The expression of a gene is characterised by the upstream transcription factors and the biochemical reactions at the DNA processing them. Transient profile of gene expression then depends on the amount of involved transcription factors, and the scale of kinetic rates of regulatory reactions at the DNA. Due to the combinatorial explosion of the number of possible DNA configurations and uncertainty about the rates, a detailed mechanistic model is often difficult to analyse and even to write down. For this reason, modelling practice often abstracts away details such as the relative speed of rates of different reactions at the DNA, and how these reactions connect to one another. In this paper, we investigate how the transient gene expression depends on the topology and scale of the rates of reactions involving the DNA. We consider a generic example where a single protein is regulated through a number of arbitrarily connected DNA configurations, without feedback. In our first result, we analytically show that, if all switching rates are uniformly speeded up, then, as expected, the protein transient is faster and the noise is smaller. Our second result finds that, counter-intuitively, if all rates are fast but some more than others (two orders of magnitude vs. one order of magnitude), the opposite effect may emerge: time to equilibration is slower and protein noise increases. In particular, focusing on the case of a mechanism with four DNA states, we first illustrate the phenomenon numerically over concrete parameter instances. Then, we use singular perturbation analysis to systematically show that, in general, the fast chain with some rates even faster, reduces to a slow-switching chain. Our analysis has wide implications for quantitative modelling of gene regulation: it emphasises the importance of accounting for the network topology of regulation among DNA states, and the importance of accounting for different magnitudes of respective reaction rates. We conclude the paper by discussing the results in context of modelling general collective behaviour.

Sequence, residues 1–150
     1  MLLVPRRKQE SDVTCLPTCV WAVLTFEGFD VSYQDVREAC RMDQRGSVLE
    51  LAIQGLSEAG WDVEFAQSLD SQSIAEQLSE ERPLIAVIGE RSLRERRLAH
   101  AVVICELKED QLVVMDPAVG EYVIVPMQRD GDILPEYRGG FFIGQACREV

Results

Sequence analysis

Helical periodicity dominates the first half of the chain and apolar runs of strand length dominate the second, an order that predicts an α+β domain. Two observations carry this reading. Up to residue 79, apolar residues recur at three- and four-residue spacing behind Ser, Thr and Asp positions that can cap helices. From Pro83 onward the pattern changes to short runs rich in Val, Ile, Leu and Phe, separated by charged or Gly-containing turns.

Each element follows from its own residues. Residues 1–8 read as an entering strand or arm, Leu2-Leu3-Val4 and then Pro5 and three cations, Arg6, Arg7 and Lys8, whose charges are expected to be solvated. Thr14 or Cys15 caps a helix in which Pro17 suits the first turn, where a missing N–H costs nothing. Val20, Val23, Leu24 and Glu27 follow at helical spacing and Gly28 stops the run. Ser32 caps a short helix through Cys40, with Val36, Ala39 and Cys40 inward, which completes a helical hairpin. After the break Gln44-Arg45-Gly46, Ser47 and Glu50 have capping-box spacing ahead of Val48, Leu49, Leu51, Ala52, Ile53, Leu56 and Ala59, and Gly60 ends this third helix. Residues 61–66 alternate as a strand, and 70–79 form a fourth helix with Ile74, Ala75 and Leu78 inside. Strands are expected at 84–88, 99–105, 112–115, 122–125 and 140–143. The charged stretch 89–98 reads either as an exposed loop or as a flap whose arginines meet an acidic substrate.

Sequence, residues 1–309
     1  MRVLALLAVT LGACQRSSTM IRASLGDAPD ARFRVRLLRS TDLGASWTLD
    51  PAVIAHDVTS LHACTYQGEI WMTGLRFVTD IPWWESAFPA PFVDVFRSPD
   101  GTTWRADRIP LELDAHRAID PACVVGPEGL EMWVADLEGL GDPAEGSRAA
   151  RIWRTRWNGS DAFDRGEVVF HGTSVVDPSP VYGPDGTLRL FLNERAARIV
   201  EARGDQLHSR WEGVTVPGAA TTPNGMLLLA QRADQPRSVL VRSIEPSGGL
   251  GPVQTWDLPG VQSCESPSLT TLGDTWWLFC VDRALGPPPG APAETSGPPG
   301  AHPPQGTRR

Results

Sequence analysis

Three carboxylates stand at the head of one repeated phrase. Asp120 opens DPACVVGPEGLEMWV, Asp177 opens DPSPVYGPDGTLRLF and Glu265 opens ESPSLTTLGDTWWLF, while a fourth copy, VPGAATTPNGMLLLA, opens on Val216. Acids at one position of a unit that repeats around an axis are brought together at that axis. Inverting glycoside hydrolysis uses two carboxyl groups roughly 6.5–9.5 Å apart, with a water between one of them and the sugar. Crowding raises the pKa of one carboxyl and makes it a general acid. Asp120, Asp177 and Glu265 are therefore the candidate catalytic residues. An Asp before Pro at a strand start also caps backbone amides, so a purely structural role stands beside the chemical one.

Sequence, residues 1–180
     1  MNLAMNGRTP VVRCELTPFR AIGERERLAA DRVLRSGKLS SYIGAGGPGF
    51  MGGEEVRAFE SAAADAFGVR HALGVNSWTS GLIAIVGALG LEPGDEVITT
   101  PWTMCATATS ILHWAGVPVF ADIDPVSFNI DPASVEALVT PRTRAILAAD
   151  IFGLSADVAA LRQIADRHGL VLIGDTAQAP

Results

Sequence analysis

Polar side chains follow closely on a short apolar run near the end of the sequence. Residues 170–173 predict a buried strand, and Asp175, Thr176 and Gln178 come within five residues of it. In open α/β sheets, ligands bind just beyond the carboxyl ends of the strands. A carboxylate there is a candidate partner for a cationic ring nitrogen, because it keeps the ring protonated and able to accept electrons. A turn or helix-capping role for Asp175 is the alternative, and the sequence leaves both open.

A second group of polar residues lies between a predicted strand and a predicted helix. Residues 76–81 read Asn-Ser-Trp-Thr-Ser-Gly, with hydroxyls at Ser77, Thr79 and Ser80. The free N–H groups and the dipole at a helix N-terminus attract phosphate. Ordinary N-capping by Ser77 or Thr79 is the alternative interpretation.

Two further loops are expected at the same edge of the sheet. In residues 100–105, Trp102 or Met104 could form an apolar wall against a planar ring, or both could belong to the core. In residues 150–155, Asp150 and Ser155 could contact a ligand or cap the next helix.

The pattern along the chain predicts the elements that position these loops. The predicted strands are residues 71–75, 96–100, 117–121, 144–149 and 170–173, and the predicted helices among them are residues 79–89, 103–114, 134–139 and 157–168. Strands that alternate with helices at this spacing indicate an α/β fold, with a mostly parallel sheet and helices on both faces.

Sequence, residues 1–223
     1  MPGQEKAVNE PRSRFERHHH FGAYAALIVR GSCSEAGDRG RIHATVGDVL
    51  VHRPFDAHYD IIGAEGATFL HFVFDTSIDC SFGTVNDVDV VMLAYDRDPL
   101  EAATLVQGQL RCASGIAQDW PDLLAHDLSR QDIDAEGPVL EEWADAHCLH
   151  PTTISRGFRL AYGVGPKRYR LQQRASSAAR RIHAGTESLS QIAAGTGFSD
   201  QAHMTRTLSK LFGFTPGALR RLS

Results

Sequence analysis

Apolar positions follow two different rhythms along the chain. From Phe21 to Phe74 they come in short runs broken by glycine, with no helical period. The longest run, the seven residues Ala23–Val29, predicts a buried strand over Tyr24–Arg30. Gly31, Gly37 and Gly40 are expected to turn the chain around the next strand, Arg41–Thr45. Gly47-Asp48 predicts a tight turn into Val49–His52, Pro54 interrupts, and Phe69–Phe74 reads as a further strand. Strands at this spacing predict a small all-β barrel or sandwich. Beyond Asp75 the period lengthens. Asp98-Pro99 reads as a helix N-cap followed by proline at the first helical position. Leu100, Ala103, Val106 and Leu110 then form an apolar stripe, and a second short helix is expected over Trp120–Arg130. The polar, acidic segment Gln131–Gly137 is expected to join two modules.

Accelerating Reactions at the DNA Can Slow Down Transient Gene Expression

Petrov T.
2020-01-01

Abstract

The expression of a gene is characterised by the upstream transcription factors and the biochemical reactions at the DNA processing them. Transient profile of gene expression then depends on the amount of involved transcription factors, and the scale of kinetic rates of regulatory reactions at the DNA. Due to the combinatorial explosion of the number of possible DNA configurations and uncertainty about the rates, a detailed mechanistic model is often difficult to analyse and even to write down. For this reason, modelling practice often abstracts away details such as the relative speed of rates of different reactions at the DNA, and how these reactions connect to one another. In this paper, we investigate how the transient gene expression depends on the topology and scale of the rates of reactions involving the DNA. We consider a generic example where a single protein is regulated through a number of arbitrarily connected DNA configurations, without feedback. In our first result, we analytically show that, if all switching rates are uniformly speeded up, then, as expected, the protein transient is faster and the noise is smaller. Our second result finds that, counter-intuitively, if all rates are fast but some more than others (two orders of magnitude vs. one order of magnitude), the opposite effect may emerge: time to equilibration is slower and protein noise increases. In particular, focusing on the case of a mechanism with four DNA states, we first illustrate the phenomenon numerically over concrete parameter instances. Then, we use singular perturbation analysis to systematically show that, in general, the fast chain with some rates even faster, reduces to a slow-switching chain. Our analysis has wide implications for quantitative modelling of gene regulation: it emphasises the importance of accounting for the network topology of regulation among DNA states, and the importance of accounting for different magnitudes of respective reaction rates. We conclude the paper by discussing the results in context of modelling general collective behaviour.
2020
https://link.springer.com/chapter/10.1007/978-3-030-60327-4_3
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Utilizza questo identificativo per citare o creare un link a questo documento: https://hdl.handle.net/11368/3070282
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